“Just Leaf it Alone”

by ESP on January 8, 2012

Some rather exuberant New Years firework antics succeeded in igniting the same sago palm as last year, (somewhat of a tradition at this point).

This year, the pyrotechnics also successfully singed a few of my ornamental grasses:

Our “Grand Finale” firework that was placed ceremoniously and somewhat precariously on top of a bucket on top of a trashcan provided quite the spectacle. I was intending to take some pictures of it but the firework simultaneously ignited four of my Mexican feather grasses and had us grabbing buckets from my “everything but the kitchen sink” water collection “system” to extinguish the fires before they reached the Barbados cherry and butterfly iris.

I will keep an eye on these blackened grasses, they may respond well to the singeing.

An exciting week this week in the Patch…

…yes folks, snort, I am proud to announce 

that we have finally moved onto the “medium-fine” silicon carbide abrasive rock tumbling phase,

though not before she had another sneak-peek at the now shiny rocks.

Next week the polishing process begins,

I am already having difficulty sleeping in anticipation.

Moving more honestly on:

Now here is a strange thing:

I have been trying to figure out what these pine-cone cacti reminded me of for a long time.

Tephrocatus articulatus var. diadematus

 

This week if finally dawned on me, and it was very obscure.

It was the poor maintenance robot in the film AI that was destroyed in the Flesh Fair!…Phew, now I can sleep soundly once again,

Or can I?

As you may know, I have been trying to protect my soft leaf yuccas from the horrors of the

“evil weevil”

by administering copious amounts of diatomaceous earth sprinkled around the base of the plants, it appears to be working.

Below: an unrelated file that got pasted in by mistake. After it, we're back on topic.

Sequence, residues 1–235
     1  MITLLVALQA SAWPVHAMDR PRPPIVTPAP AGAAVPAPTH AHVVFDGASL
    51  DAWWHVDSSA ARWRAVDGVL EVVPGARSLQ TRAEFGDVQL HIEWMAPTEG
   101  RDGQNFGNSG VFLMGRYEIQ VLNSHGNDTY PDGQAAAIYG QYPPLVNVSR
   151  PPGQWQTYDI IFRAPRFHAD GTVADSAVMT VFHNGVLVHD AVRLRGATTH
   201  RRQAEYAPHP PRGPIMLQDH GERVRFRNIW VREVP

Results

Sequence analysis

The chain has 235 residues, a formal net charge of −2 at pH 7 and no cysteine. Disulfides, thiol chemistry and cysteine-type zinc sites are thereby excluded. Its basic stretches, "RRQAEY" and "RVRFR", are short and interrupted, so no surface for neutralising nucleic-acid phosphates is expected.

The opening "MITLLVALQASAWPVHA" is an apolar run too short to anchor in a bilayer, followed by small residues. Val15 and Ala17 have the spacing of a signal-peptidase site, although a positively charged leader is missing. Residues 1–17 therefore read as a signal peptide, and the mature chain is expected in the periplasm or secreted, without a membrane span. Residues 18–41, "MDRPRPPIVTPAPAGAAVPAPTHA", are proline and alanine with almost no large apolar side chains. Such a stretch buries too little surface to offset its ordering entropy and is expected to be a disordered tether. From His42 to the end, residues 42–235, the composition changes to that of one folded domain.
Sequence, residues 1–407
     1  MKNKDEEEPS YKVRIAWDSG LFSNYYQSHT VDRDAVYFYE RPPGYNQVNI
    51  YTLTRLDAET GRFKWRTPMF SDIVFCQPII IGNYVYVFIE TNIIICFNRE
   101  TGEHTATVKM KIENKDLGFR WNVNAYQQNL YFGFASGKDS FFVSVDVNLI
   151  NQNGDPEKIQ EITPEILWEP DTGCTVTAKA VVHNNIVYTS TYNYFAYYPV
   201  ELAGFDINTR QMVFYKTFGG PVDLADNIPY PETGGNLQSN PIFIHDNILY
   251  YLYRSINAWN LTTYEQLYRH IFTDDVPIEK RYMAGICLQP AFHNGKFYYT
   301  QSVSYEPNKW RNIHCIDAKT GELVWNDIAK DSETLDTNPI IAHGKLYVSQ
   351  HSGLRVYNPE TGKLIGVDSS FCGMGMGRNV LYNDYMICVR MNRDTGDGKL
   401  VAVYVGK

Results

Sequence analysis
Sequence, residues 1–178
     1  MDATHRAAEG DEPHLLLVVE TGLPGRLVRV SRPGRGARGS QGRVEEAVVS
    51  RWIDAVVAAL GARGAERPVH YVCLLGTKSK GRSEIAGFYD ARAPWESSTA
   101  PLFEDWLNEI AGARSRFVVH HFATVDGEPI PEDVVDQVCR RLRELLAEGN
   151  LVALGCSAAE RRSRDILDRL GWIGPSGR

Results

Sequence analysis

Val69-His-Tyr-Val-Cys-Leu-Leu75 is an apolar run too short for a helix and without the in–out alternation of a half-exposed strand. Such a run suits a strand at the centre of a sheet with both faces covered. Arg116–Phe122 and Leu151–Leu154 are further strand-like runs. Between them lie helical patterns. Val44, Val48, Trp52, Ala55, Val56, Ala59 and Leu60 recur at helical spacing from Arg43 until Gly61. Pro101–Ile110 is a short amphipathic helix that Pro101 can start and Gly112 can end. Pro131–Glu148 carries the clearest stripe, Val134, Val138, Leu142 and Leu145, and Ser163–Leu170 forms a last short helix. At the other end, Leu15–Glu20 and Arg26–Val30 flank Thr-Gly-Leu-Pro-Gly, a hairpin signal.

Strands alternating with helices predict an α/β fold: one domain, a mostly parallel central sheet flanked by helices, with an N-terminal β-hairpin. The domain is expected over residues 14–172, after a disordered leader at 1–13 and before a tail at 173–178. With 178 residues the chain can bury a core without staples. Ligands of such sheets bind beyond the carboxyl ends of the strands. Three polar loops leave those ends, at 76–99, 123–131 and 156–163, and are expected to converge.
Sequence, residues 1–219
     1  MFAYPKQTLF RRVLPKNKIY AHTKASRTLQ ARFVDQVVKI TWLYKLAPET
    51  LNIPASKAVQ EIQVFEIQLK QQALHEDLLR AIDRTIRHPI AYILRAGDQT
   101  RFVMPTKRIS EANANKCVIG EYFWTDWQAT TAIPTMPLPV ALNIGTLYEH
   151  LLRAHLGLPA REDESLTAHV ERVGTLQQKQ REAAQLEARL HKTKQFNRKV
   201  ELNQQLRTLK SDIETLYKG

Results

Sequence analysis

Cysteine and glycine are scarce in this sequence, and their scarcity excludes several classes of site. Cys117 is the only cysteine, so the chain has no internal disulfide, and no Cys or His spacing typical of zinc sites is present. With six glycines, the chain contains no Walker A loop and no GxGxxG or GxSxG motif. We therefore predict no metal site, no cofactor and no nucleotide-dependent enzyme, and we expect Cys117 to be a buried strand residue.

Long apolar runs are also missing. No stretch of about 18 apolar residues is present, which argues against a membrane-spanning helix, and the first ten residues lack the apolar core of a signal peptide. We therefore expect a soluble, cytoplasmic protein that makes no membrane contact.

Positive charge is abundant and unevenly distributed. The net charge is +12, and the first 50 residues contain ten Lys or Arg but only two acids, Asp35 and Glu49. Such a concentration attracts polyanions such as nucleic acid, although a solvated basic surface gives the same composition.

Unfortunately my yuccas have now developed another issue,

and it isn’t pretty. Several fungi, including Cercospora, Cylindrosporium, and Coniothyrium may cause leaf spotting like this in yuccas but thankfully they do not cause the widespread death of leaves.

I am sure this one contracted the yucca equivalent of the “Phage”  in the summer months when it received some overhead watering…remove affected leaves and discard.

This week has had me and my (in-house) pajama crew cleaning up insane amounts of leaves.

We gathered them up in buckets, transferred them to trashcans and piled them up wherever we could find space. I hate picking up leaves.

One personal pet peeve is cleaning out the hearts of the sagos,

this activity ranks on my irritation scale at a steady 9.5

It is really nice to have my pathways clear once again though.

Finally:

King Tut papyrus is still holding up well in one of my stock-tanks,

not bad form for January.

Rosemary is also doing a great winter job,

feeding the honey bees,

with it’s tiny flowers.

Sweet peas are on the boil,

and pink shrimps are ready for the barbie,

and my artemesia is once again looking healthy.

Driving around the Mueller area the other day, I saw this:

I initially thought these were dwarf conifers. When I realized it was in fact gray santolina or lavender cotton, I swung my steed around and snapped these shots.

Santolina chamaecyparissus


It reminds me of Scottish “heather” in a mass-planting like this. I will try and get some shots of it in bloom next summer…if I remember.

Photograph: Linda Engstrom

And to finish I am happy to report that Kumo is making a speedy recovery after his stomach surgery.

He is now stumbling and walking into things wearing his

collar of shame. 

Talking of dwarf conifers…

Inspirational image of the week:

Photograph from Foxhollow Garden, Dorset, England.

Stay Tuned for:

“Igniting the Cattails”

 

All material © 2012 for eastsidepatch. Unauthorized
intergalactic reproduction strictly prohibited, and
punishable by late (and extremely unpleasant)
14th century planet Earth techniques.

 

 

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